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Captive insurers fill variety of coverage needs for sponsors


BURLINGTON, Vt. — Forming a captive insurer can meet a wide variety of needs, especially as a reliable and cost-effective source of coverages for the captive’s owner, according to a panel of experts speaking Tuesday at the Vermont Captive Insurance Association’s annual conference in Burlington.

“Nothing was available in the market. We needed a vehicle to insure our risks, and we had no other options” other than forming a captive insurer, said Leslie Ratley-Beach, vice president In Montpelier forAlliance Risk Management Services L.L.C., a service provider for Vermont-based Terrafirma Risk Retention Group L.L.C., which provides coverages for several hundred land trusts across the United States.

In addition, captives can provide pricing stability to owners, in contrast to the pricing and availability swings in the commercial markets.

“Insurance pricing swings were so erratic. That meant busted insurance budgets,” said Mary Ellen Moriarty, vice president of property and casualty for Chicago-based Educational & Institutional Insurance Administrators Inc., an administrator of two Vermont-based captives that provide a range of coverages to colleges and universities.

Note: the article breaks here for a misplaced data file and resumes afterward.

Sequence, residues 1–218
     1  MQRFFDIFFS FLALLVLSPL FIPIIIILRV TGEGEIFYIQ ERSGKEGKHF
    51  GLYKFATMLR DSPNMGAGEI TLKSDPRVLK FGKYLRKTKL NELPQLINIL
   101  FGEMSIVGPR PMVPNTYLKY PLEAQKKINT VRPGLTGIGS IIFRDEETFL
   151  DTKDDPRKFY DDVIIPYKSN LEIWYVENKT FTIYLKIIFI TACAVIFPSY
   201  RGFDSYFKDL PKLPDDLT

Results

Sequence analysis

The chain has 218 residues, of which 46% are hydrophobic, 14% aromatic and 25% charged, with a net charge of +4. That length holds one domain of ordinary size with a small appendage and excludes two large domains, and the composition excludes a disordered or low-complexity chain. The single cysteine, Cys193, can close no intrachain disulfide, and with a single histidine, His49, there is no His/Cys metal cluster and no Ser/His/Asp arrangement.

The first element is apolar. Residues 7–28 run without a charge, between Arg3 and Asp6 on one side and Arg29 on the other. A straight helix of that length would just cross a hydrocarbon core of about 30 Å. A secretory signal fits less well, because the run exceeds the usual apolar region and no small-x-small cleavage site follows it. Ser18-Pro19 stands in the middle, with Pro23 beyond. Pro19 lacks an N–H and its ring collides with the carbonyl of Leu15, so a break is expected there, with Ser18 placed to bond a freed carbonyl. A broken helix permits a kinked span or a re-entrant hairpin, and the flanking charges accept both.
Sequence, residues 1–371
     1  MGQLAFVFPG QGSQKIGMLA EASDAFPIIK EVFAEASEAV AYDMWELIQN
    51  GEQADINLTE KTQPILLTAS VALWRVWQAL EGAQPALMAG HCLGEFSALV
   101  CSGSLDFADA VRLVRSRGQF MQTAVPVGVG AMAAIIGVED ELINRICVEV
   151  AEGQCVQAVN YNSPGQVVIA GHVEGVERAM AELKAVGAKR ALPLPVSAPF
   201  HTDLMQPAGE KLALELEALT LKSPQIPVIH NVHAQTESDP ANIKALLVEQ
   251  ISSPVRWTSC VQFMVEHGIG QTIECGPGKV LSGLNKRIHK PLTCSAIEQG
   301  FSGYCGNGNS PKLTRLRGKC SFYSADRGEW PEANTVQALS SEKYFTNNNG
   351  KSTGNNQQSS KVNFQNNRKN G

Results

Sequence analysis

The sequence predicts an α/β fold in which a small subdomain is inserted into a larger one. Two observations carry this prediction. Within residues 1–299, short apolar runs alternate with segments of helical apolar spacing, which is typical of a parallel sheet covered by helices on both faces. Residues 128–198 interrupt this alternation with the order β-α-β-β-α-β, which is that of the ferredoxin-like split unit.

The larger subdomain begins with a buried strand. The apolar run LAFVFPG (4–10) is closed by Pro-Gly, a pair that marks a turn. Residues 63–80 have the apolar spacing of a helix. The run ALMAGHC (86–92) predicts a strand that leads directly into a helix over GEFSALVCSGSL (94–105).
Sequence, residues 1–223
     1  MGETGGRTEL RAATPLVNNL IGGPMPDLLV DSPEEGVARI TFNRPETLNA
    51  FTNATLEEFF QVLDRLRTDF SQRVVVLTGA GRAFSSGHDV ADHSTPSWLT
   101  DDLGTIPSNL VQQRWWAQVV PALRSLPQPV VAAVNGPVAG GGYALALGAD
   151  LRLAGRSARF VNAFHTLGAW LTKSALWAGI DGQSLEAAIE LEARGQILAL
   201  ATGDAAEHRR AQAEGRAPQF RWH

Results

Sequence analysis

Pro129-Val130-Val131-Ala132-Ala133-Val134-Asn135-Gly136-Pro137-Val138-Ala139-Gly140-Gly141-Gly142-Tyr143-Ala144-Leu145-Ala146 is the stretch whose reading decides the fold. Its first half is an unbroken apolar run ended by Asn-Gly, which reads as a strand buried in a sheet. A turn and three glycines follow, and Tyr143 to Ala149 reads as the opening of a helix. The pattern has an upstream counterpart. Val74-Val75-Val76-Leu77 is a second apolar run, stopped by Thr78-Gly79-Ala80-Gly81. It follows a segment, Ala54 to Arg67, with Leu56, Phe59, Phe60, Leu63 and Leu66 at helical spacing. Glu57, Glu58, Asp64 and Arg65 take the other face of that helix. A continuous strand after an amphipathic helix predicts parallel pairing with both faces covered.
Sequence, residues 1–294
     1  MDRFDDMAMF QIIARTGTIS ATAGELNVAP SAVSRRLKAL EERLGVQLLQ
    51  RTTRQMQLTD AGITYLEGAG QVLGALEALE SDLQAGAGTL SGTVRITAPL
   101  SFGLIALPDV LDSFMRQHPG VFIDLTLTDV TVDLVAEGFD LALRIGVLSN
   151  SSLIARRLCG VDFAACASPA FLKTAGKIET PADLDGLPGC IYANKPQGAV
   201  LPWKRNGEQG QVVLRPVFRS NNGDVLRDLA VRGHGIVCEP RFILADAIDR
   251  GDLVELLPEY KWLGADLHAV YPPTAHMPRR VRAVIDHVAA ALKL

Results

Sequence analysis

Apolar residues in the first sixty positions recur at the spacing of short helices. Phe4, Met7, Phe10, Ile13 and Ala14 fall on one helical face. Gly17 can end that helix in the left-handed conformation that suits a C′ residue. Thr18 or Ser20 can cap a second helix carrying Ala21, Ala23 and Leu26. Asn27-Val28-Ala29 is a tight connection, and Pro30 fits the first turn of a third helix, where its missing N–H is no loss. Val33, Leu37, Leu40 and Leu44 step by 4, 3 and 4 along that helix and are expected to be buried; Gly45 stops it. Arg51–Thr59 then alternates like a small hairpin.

But determining whether or not to form a captive insurance company is not a decision or a process that sponsors should make quickly.

Forming a captive “needs to be a thoughtful approach because it can have an impact on the entire organization,” said Anne Marie Towle, a senior vice president with Willis North America Inc.’s global captive practice in Chicago, who also spoke on the panel.

Regulators say they are not impressed when sponsoring organizations file to have their captive applications approved in situations where they have spent only a short amount of time analyzing whether they needed a captive.

“I don’t want to review an application” for a captive that was organized in only a few weeks, said Sandra Bigglestone, director of captive insurance with the Captive Insurance Division of the Vermont Department of Financial Reregulation in Montpelier.

A basic but big issue for potential captive owners is where they want to base the captive. “Think about what kind of relationships you can establish with regulators,” Ms. Towle said.

In addition, captive sponsors need to consider how operational costs, such as travel-related expenses, will vary by domicile.

Sponsors also should analyze what type of captive makes the most sense. For example, risk retention groups — a special type of group captive authorized by Congress through legislation passed in 1981 and 1986 — can operate nationwide after meeting the licensing requirements of just one state.

An RRG is “licensed in one state but can do business in any state,” Ms. Bigglestone said.

That eliminates the time-consuming and costly need to meet the licensing requirements of other states in which an RRG has policyholders, unlike the licensing requirements for captives.

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